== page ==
Appeal to authority:

Definition Example
When a claim is deemed true because of the position, authority or esteem of the person asserting it. My sociology professor says globalization has had a net negative effect on humanity, so it is obviously true.
Also known as: ad verecundiam
If an authority gained their status or position due to a track record of success, then we have more warrant to consider their arguments. However, it is their actual arguments that must ultimately be considered. Taking credible authorities at their word is a useful heuristic, but it is a weaker form of evidence that is no real substitute for the actual arguments those authorities make.

[I]t is not what the man of science believes that distinguishes him, but how and why he believes it. His beliefs are tentative, not dogmatic; they are based on evidence, not on authority or intuition.
Bertrand Russell, A History of Western Philosophy (Book-of-the-Month Club, 1995), p. 527.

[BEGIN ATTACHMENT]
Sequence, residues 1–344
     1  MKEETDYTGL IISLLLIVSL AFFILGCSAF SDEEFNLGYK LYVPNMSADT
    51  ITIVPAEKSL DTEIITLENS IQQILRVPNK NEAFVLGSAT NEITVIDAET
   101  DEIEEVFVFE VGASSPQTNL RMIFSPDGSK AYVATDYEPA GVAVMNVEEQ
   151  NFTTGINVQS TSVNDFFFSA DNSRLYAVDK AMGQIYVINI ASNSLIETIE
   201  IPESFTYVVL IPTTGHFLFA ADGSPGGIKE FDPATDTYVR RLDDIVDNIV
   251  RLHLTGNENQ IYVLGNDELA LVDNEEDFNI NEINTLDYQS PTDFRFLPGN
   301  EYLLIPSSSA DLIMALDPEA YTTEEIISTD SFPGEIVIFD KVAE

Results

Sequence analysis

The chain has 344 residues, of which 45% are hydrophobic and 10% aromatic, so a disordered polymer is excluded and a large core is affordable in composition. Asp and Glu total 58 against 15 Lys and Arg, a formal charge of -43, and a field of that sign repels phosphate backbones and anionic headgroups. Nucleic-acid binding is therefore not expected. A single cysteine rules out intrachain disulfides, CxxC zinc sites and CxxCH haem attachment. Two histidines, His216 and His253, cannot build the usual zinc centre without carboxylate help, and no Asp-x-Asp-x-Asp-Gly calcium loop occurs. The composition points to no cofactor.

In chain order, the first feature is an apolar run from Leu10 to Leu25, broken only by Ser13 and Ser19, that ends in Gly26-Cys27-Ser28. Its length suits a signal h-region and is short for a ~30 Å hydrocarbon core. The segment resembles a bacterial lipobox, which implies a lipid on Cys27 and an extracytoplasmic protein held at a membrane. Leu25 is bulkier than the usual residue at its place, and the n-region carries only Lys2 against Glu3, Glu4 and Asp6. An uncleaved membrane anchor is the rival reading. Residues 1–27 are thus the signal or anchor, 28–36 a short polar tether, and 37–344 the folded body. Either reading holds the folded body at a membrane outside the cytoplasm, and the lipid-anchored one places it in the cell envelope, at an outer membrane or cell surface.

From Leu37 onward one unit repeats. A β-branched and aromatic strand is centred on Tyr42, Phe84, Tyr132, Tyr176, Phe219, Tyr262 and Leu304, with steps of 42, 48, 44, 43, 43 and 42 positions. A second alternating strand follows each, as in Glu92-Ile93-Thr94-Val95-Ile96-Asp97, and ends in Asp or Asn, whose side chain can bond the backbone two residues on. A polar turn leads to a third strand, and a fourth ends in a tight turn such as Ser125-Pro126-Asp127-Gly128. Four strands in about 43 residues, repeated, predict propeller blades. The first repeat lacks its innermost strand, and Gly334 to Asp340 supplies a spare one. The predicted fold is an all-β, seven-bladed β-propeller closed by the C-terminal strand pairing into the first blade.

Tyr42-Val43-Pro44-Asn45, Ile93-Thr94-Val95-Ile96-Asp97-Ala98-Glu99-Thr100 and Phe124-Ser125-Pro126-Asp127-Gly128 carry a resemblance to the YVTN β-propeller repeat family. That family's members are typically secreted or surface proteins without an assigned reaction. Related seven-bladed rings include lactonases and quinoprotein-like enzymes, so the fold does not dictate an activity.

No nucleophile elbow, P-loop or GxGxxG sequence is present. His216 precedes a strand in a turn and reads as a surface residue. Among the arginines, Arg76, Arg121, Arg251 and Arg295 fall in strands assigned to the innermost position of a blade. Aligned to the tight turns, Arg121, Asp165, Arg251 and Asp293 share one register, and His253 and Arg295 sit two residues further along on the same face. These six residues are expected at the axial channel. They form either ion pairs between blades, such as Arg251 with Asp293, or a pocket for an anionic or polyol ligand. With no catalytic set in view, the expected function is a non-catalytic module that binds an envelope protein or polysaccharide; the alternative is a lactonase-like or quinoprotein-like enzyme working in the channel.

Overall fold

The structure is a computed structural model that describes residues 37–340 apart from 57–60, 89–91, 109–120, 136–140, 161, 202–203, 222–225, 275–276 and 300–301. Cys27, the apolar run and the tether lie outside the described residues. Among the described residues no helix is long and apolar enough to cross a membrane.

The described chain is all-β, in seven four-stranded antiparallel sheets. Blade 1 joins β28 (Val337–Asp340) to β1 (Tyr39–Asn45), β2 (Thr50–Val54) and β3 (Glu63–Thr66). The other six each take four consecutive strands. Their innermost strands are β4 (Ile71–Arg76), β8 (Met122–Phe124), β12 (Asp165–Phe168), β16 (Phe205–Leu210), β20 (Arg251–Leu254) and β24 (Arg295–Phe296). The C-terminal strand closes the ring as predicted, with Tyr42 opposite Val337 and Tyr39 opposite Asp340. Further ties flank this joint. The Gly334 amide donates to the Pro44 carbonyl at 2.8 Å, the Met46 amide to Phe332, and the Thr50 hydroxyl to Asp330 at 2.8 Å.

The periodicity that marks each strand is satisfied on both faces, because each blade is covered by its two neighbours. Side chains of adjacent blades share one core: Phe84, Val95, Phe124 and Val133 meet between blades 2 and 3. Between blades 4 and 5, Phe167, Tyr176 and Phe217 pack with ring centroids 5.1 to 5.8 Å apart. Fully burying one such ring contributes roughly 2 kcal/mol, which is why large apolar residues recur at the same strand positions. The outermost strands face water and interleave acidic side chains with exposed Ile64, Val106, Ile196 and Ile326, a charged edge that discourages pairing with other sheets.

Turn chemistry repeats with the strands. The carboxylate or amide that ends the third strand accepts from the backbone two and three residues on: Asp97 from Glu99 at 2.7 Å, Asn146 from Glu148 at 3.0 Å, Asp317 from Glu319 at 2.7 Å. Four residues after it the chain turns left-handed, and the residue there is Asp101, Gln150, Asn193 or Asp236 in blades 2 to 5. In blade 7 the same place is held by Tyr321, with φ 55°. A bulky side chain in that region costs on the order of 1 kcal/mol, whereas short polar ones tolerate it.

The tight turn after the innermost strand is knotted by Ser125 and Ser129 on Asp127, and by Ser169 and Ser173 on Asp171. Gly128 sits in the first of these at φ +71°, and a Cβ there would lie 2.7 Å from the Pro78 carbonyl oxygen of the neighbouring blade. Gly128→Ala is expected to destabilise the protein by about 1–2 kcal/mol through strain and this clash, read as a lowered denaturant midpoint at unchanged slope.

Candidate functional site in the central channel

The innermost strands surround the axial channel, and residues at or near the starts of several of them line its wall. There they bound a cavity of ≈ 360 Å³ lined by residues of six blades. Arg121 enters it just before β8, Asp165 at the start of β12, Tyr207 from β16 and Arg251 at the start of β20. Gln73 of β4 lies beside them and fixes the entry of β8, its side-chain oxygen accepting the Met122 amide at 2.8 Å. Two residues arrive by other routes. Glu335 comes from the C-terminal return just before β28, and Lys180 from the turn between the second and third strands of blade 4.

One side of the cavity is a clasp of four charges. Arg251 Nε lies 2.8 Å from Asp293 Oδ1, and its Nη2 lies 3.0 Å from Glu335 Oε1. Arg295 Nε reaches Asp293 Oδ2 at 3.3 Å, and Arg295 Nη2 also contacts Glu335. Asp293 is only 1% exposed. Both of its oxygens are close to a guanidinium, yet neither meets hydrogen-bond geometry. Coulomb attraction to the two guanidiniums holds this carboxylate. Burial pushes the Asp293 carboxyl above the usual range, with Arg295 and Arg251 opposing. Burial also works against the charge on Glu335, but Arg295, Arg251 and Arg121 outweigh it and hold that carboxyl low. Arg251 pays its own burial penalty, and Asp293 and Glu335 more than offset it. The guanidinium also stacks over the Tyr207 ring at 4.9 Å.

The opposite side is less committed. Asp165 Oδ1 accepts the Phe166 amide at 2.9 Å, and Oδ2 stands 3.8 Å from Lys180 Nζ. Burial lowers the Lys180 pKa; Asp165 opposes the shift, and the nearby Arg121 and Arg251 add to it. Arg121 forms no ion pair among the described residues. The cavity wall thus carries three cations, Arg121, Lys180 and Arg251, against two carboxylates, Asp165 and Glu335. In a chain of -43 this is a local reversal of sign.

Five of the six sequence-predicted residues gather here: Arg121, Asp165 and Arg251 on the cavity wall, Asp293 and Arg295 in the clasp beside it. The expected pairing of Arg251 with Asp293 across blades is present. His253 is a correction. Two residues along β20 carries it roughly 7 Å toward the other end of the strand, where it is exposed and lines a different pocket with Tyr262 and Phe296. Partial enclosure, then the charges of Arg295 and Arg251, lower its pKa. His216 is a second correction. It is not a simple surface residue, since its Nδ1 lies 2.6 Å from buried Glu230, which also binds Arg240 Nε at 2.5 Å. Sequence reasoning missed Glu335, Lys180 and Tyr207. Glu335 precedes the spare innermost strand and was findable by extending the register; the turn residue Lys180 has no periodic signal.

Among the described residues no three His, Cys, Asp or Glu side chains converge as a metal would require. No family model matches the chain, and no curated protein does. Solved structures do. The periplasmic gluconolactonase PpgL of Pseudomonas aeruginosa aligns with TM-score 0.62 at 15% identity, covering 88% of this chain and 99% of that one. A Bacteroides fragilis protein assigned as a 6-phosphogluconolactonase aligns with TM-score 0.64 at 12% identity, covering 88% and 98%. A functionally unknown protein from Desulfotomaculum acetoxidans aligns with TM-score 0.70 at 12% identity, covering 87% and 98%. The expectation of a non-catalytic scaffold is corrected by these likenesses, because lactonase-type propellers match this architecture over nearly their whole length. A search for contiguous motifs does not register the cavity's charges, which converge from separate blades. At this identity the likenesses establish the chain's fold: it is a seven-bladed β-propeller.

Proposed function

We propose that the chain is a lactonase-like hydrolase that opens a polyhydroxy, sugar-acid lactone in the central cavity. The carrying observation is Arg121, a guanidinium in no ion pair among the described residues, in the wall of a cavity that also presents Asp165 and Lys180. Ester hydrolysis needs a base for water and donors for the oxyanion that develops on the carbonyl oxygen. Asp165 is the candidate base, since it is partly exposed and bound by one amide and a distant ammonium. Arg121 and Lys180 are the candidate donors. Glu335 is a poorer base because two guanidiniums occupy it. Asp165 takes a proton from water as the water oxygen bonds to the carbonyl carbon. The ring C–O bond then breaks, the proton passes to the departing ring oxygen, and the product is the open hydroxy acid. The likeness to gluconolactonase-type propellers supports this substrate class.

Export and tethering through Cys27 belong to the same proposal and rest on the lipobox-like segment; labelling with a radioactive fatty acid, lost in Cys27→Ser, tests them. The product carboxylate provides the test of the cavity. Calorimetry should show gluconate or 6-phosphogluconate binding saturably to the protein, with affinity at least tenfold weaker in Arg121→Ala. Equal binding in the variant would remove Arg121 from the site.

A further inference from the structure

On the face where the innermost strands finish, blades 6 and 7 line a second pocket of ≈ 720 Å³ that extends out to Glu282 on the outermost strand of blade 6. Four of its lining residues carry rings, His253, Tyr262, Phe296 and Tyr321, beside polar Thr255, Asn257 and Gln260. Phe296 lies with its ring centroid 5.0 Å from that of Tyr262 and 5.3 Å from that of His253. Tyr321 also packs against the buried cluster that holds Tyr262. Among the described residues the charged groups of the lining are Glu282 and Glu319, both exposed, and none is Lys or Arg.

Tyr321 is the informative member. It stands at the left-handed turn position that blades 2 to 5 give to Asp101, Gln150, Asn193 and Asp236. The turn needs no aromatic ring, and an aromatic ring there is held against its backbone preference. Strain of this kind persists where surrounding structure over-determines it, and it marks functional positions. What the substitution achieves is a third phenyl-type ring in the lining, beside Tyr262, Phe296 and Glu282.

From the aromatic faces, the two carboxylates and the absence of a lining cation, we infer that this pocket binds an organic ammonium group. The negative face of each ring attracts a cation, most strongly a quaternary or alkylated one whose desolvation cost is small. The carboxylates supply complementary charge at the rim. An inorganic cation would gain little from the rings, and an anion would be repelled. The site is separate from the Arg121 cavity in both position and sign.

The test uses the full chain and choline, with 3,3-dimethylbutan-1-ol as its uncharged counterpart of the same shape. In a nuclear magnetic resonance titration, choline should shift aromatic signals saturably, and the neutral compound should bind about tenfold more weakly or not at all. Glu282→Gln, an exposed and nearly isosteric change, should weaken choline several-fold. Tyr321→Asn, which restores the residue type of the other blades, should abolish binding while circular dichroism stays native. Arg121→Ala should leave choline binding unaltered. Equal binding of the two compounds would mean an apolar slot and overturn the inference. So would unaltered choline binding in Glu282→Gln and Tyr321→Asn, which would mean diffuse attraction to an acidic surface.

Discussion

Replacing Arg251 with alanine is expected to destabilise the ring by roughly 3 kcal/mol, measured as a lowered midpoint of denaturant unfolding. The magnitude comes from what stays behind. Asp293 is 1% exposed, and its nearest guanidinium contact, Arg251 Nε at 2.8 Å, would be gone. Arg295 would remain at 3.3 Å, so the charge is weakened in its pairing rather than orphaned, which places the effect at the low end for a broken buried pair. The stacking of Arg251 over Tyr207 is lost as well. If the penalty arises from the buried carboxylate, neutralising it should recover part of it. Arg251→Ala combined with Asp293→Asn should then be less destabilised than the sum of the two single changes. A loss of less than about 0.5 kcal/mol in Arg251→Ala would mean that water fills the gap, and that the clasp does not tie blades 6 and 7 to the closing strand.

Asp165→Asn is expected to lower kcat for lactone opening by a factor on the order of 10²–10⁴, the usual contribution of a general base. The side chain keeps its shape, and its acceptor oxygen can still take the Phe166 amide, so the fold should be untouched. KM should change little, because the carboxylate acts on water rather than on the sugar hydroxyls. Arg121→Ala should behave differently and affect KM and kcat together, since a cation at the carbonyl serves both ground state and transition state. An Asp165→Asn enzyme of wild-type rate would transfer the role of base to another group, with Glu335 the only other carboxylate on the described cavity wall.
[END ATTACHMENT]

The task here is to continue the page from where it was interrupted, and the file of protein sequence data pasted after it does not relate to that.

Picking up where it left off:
Case Study One

If the mayor of your town is in favor of legalizing marijuana, that is, in itself, not an argument in favor of legalizing marijuana.

Case Study Two

If your hitherto reliable doctor recommends a certain type of cold medicine, you are warranted in accepting his recommendation. This does not, however, substitute for doing your own research if you have the time.

Case Study Three

If an excellent actor offers an opinion on medicine or economics, that excellent actor should not be considered any more credible in these domains than any other non-doctor or non-economist.

Keep in mind that a fallacious argument does not entail an erroneous position.

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